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Crossing Afghanistan

Pothole by Pothole

View Sydney to London 1964 on Ozac's travel map.

===Ozac 2011===

I’ll never forget the lavatory at the Maiwand Hotel in Kabul. Opening the door I was surprised to find, not a cubicle, but a room about 4 metres square, empty except for a bucket of water, some sheets of paper and a small pile of pebbles up one end, near an opening in the floor about 20 cms in diameter. I knew what the hole, the water and the paper were for, but wasn’t so sure about the pebbles. I peered through the circle in the floor, which seemed to be a source of daylight in the dim room, and found myself looking down a deep shaft, not unlike a lift well, to a huge pile of shit about 25 metres below, illuminated through an open doorway to the outside adjacent to it. A strong draught of cold air chilled my nether regions as I squatted over the hole, being as quick as I could, but it wasn’t until I had used the paper and tried to dispose of it in the usual way that I realized what the pebbles were for. The paper stayed there, floating on the updraught, obstinately refusing to descend, until I had carefully placed a pebble in the centre of it, and then down it went. All mod cons at the Maiwand in Kabul!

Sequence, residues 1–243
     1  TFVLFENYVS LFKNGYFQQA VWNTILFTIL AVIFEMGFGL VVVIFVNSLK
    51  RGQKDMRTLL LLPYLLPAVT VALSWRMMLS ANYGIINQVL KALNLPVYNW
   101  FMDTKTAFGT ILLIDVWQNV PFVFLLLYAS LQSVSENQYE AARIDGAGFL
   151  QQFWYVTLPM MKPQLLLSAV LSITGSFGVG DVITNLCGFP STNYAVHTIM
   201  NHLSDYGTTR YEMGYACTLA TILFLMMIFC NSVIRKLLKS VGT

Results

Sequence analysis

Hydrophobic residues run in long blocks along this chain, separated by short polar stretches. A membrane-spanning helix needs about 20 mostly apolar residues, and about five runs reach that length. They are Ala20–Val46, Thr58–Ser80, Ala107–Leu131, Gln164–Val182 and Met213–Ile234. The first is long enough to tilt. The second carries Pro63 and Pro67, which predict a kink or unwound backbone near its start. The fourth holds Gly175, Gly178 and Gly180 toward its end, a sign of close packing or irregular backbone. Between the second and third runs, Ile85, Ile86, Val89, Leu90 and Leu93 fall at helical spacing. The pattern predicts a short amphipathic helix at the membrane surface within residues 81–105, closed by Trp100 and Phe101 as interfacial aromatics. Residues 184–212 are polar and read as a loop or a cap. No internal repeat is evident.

Thursday 19-11-1964 and Friday 20-11-1964

Kabul is a weird town with feeble attempts at modernity. Much of the place seems to be falling apart. There are four or five new buildings, probably erected with foreign aid, and an ‘instant’ city park has recently been laid in the centre of town, in total contrast to everything around it. The streets are terribly dusty, with smelly open drains everywhere that people throw their rubbish into as well as wash in, and the Kabul River which runs through the city seems little more than an open sewer. Still, it is an interesting place, which evokes all the wildness of Central Asia, especially round the bazaars and in the camel market on the edge of town.

A Street in Kabul

A Street in Kabul

The Camel Market

The Camel Market

The people are not in the least inquisitive, so that is quite a change. Someone at the Maiwand said Kabul reminded them a bit of a Siberian town; it could easily be similar - Russian vehicles in the streets, people with Mongolian features and everybody wrapped up.